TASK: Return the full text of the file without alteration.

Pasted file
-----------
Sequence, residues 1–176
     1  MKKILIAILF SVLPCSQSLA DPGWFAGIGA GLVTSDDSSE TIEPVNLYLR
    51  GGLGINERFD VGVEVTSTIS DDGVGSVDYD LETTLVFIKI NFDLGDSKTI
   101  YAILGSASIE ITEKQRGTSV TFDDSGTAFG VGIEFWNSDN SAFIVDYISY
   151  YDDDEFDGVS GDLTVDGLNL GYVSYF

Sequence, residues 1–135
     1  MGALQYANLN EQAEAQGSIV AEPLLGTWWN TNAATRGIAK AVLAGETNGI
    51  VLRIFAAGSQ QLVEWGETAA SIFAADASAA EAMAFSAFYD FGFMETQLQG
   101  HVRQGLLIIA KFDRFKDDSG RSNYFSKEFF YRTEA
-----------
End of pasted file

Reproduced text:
Sequence, residues 1–176
     1  MKKILIAILF SVLPCSQSLA DPGWFAGIGA GLVTSDDSSE TIEPVNLYLR
    51  GGLGINERFD VGVEVTSTIS DDGVGSVDYD LETTLVFIKI NFDLGDSKTI
   101  YAILGSASIE ITEKQRGTSV TFDDSGTAFG VGIEFWNSDN SAFIVDYISY
   151  YDDDEFDGVS GDLTVDGLNL GYVSYF

Sequence, residues 1–135
     1  MGALQYANLN EQAEAQGSIV AEPLLGTWWN TNAATRGIAK AVLAGETNGI
    51  VLRIFAAGSQ QLVEWGETAA SIFAADASAA EAMAFSAFYD FGFMETQLQG
   101  HVRQGLLIIA KFDRFKDDSG RSNYFSKEFF YRTEA